Formula 1 and Formula E will soon have to decide whether they can coexist

One of the most powerful figures in the global auto industry, Carlos Tavares, told The Race that he has doubled the Stellantis Group’s commitment to Formula E because it has “the greatest potential for growth in society”.

And his comments on how Formula 1 feeds into this potential FE growth are insightful.

Tavares, the CEO of the world’s fourth largest car manufacturer, described the current and future motorsport landscape as “huge development potential for Formula E” in his speech at the Rome E-Prix last weekend.

Tavares joined Stellanti’s Motorsport boss Jean-Marc Finot and Maserati CEO Davide Grasso in Rome, where Maserati announced further details of its entry into Formula E next season. It will lead a yet-to-be-named team from the current Venturi site in Monaco from the start of the Gen3 era of the all-electric World Championship.

Maserati joins stablemate DS Automobiles as registered manufacturer and will share powertrains with its sister brand for the first homologations of its return to international single-seater motorsport since 1960.

Tavares told The Race that due to societal pressure to phase out internal combustion engines in favor of EV technology, Formula 1 and Formula E are unlikely to coexist in the future as governments enforce legislation to reduce reliance on petrol and diesel engines to finish drafts.

“You can see that the big car manufacturers are already there [in Formula E]fight and try to compete,” he said.

“I believe there is a lot of room for improvement and growth in Formula E, which means at some point the question will be Formula 1 or Formula E, right? This question will come with time.

“What I also believe is that there will come a moment when Formula 1 will no longer be able to run on internal combustion engines, simply because the citizens will not accept it.

“The societal pressure will be so great that F1 will have to phase out ICE technology, which means that at this point Formula E and Formula 1 will have to discuss with the FIA ​​the direction to take and find the right path.”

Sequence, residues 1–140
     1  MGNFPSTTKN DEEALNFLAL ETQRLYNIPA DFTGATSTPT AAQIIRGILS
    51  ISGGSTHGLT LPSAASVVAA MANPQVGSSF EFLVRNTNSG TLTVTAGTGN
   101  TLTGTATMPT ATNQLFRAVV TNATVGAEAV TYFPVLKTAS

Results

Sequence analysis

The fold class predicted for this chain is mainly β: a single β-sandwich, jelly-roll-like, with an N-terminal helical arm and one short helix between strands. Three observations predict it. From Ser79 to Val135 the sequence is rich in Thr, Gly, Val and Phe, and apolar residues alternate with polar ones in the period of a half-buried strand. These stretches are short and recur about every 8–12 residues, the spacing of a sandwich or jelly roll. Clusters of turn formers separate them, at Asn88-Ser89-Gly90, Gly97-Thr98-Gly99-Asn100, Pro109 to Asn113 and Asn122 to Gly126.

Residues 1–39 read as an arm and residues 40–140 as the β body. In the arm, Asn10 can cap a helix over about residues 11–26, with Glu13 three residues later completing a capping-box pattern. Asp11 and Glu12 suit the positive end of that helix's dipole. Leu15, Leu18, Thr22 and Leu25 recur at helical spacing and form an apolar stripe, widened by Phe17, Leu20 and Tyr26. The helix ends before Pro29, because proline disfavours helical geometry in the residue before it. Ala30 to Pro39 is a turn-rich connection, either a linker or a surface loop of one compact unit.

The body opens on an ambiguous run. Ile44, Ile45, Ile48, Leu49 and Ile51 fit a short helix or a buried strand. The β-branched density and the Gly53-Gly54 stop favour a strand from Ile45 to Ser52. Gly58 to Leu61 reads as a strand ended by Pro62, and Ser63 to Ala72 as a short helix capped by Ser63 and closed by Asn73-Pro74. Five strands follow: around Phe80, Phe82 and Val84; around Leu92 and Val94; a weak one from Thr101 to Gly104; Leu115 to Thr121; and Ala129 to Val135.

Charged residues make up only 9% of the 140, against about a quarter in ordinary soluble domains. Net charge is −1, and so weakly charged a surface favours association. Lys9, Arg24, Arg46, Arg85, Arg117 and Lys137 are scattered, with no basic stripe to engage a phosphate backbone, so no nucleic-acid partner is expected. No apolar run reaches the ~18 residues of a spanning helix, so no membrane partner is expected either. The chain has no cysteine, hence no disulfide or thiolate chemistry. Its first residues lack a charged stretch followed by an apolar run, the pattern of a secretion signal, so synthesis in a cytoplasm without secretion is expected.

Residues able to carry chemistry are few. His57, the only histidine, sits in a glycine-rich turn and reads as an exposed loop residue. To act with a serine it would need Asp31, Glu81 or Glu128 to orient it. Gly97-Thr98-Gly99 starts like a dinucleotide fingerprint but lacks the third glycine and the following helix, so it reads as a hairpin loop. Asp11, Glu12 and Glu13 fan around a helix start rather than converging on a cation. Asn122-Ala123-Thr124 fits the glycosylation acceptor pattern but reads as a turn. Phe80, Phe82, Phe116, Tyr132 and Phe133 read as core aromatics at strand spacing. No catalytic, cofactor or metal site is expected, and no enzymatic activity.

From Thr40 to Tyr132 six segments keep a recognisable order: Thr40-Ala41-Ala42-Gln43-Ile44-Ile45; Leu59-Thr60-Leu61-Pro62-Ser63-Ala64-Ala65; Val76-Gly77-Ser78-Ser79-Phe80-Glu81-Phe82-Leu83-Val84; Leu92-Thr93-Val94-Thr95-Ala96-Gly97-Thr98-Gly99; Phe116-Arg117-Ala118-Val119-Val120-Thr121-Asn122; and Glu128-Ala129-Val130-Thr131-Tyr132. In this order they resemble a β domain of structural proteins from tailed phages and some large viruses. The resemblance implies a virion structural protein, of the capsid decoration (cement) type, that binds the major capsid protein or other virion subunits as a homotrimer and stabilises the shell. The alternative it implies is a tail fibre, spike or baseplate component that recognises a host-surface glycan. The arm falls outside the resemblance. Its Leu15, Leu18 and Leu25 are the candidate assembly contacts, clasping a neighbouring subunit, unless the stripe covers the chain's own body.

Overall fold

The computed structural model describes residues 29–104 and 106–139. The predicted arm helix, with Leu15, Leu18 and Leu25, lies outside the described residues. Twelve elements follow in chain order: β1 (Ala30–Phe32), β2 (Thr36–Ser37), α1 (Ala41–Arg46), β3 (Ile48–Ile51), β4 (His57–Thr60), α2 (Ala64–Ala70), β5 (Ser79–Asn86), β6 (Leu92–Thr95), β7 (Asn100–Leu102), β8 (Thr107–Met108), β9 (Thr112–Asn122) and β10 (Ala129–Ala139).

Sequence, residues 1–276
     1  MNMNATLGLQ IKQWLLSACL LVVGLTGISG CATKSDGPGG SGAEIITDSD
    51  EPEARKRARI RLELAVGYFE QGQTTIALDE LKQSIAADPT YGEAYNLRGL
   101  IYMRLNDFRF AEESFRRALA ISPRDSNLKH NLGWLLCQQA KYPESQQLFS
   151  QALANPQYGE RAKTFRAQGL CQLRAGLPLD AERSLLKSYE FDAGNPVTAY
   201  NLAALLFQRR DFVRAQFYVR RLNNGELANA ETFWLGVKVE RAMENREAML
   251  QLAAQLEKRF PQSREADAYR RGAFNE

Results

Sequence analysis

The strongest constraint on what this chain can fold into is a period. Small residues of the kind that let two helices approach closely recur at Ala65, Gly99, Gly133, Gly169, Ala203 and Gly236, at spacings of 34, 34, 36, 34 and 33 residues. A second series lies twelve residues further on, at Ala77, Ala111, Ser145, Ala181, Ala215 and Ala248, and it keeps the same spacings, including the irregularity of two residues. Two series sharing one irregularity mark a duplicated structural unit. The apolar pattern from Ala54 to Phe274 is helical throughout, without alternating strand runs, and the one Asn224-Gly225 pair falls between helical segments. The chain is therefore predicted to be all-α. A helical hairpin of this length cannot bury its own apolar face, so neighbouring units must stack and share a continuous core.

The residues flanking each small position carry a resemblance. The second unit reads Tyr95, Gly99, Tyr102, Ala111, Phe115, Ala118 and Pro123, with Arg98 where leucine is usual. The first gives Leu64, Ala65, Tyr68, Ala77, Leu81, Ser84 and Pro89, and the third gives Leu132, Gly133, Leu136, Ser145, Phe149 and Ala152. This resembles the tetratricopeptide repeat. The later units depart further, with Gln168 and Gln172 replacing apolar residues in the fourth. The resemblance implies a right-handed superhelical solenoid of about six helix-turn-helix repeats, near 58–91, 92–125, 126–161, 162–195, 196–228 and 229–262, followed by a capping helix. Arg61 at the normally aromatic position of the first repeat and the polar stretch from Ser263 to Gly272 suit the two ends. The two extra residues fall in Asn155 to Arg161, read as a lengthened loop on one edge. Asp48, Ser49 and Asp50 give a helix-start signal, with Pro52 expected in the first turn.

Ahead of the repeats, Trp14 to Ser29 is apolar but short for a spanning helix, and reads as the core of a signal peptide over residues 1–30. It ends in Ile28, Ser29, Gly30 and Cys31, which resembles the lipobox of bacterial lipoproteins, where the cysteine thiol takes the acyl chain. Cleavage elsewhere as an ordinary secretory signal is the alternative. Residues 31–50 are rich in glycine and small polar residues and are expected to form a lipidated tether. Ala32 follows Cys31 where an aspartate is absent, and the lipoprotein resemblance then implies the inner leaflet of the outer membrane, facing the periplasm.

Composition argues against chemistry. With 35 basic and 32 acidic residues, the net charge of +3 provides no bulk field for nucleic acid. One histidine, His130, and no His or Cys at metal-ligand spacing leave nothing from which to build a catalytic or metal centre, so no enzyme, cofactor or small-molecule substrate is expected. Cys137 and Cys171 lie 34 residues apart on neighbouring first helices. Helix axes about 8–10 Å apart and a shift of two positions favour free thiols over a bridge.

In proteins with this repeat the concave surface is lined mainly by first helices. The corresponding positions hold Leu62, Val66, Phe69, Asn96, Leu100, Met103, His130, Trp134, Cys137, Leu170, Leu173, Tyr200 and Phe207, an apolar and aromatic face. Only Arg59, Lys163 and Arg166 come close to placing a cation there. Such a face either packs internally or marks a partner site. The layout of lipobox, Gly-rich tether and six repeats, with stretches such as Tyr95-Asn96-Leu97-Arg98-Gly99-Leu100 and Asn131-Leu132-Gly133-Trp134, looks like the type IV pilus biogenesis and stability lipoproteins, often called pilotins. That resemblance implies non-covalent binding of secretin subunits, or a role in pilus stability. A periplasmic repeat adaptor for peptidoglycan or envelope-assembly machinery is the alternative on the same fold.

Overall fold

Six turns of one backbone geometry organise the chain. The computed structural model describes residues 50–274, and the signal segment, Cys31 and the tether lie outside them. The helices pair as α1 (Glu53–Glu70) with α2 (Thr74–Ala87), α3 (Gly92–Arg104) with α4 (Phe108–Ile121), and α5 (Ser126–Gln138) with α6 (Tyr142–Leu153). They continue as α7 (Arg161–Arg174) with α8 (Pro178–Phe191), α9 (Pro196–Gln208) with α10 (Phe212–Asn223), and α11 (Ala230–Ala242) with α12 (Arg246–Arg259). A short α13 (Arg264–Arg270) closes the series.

Tavares added that Formula E “is the growing discipline at the moment; The discipline that has the greatest potential for growth in the society where we are all working with a global warming problem that we need to solve is of course Formula E.”

“That’s the greatest potential right now, so we’ve brought two brands from Stellantis – Maserati and DS Automobiles – into this discipline,” he said.

Stellantis plans to invest at least $35.5 billion (€30 billion) in vehicle electrification and new software/technology by 2025. The group expects to have 55 electrified vehicles in Europe and the US alone by 2025, including 40 fully electric models and 15 plug-in hybrid models.

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That’s an extraordinary amount of cash, and it’s clear that he and the brands he represents are convinced that Formula E will be crucial to the desirability of the DS and Maserati brands for several years to come 2025 to present.

Formula E is said to have a 25-year exclusivity clause for electric single-seaters, which would ensure it will be the premier electric world championship by 2039.

Formula E Chairman Alejandro Agag and his F1 counterpart Stefano Domenicali are known to have met several times in recent months to discuss the big picture of the future motorsport landscape.

Both work for companies owned by the same stakeholder, Liberty Media, albeit with nuanced strands.

These informal gatherings are set to continue for years to come, and while one of the most powerful people in the automotive world is praising Formula E, it’s clear, as Tavares himself says, that a discussion needs to ramp up quickly to “ensure the right way” for the future of both series.

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